Washington, D.C., AIDS Administration Cuts Funding of Prevention Program Targeting White MSM
The Washington, D.C., HIV/AIDS Administration has cut by 55% 2004 funding for a Whitman-Walker Clinic HIV prevention program targeting white men who have sex with men, the Washington Blade reports. HAA officials say that the budget cut, which will reduce funding for the program from $440,000 in 2003 to $200,000 for 2004, is needed to comply with new CDC guidelines that call for a shift in prevention funds to target people who are already HIV-positive (Chibbaro, Washington Blade, 12/12). The CDC in April announced a new HIV/AIDS prevention strategy that will shift funding distribution away from community groups that provide education aimed at reducing unsafe sexual and drug-use behaviors in people who have not contracted HIV. According to the strategy, the government will invest most heavily in initiatives that focus on identifying HIV-positive people who are unaware of their status, which could jeopardize approximately $90 million in annual federal funding for community groups. The CDC has said that the current emphasis on community outreach prevention programs has proven ineffective, citing annual increases in the number of new HIV cases nationwide (Kaiser Daily HIV/AIDS Report, 9/29).
The cut to the WWC program, which is known as G-NET, will be "a great loss for the community," Paul Feldman, public affairs director of the National Association of People With AIDS, said. The G-NET program distributes condoms and safe sex literature at bars and nightclubs, conducts workshops discouraging multiple sex partners and provides individual counseling and "skills building groups" for MSM in the District. Some AIDS advocates have said that programs targeting people who are already HIV-positive should not come at the expense of existing prevention programs and that cuts could lead to higher HIV incidence rates for at-risk groups. Ivan Torres, interim administrator of HAA, said that the cut was solely based on a decrease in federal funding and was not linked to the program's performance. Torres also said that HAA has not received complaints about G-NET, although Congress and other groups have criticized similar programs in other cities, according to the Blade (Washington Blade, 12/12).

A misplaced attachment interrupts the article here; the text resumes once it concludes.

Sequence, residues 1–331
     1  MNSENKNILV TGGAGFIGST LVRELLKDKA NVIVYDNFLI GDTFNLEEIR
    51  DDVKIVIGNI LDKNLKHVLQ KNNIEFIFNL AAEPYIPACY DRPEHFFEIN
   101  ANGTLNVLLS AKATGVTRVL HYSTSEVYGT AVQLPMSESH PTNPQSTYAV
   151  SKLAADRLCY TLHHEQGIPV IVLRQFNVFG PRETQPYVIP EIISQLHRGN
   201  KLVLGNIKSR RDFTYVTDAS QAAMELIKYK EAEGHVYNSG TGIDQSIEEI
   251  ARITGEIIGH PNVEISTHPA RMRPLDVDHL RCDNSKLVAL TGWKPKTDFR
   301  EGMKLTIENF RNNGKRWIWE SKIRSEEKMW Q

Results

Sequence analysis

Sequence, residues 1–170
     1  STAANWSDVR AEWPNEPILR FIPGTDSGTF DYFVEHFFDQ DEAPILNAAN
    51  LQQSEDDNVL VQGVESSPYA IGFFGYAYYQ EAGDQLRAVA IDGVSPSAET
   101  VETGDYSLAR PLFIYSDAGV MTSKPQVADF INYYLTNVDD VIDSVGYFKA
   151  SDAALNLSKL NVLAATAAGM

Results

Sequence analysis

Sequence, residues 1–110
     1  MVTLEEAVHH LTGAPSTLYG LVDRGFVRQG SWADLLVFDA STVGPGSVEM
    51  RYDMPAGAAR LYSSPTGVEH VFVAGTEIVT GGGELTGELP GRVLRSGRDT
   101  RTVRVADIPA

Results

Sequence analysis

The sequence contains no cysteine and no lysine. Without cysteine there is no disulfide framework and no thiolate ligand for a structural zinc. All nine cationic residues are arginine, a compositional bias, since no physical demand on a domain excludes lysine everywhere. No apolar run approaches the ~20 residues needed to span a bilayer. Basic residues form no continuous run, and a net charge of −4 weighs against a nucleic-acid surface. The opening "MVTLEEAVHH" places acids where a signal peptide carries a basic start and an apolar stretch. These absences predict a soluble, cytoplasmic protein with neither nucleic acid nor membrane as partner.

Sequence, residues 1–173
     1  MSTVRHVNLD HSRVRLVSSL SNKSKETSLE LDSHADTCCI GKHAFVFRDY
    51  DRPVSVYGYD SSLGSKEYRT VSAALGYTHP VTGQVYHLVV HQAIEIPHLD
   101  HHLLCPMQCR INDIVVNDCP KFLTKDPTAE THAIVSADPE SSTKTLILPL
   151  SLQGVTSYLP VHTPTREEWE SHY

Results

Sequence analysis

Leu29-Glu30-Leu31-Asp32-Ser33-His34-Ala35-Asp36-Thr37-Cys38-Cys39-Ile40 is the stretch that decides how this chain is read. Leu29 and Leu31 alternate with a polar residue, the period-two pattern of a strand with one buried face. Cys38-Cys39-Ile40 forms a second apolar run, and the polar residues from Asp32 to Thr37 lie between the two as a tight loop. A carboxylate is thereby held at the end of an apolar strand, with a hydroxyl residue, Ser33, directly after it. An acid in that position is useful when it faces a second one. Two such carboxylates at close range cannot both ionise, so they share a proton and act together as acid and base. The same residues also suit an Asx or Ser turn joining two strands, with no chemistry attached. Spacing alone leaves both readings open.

HIV Prevention Reports
Two HIV/AIDS advocacy groups recently released reports on HIV prevention. Summaries of reports follow:
AIDS Project Los Angeles: APLA on Friday released a white paper, titled "Changing How We Think: HIV Prevention Policy in the U.S.," presenting a series of recommendations that "build on the success of HIV prevention" in the United States over the last two decades. In order to "further reduc[e]" HIV incidence in the United States, HIV prevention efforts need to be comprehensive. APLA offers several recommendations on how to expand efforts to prevent HIV/AIDS, including improving access to health care, promoting support for vaccine and microbicide research, targeting HIV prevention efforts at high-risk populations and promoting HIV prevention programs that "build upon individual and community resiliencies." The report concludes that lowering HIV incidence "even further is an attainable goal that will require that we think differently about HIV prevention" (APLA, "Changing How We Think: HIV Prevention Policy in the U.S.," December 2003).
- American Academy of HIV Medicine: AAHIVM on Monday released a position paper, titled "HIV Prevention and Progress," calling on the federal government to fight HIV/AIDS with "enough resources" to reverse the "alarming trend" in increasing HIV incidence reported by the CDC. AAHIVM calls on the government to "recognize current HIV/AIDS prevention successes and build on them." AAHIVM also calls for increased funding of needle-exchange programs, which could "prevent thousands of HIV infections among injection drug users and their sexual partners," according to the release (AAHIVM release, 12/15).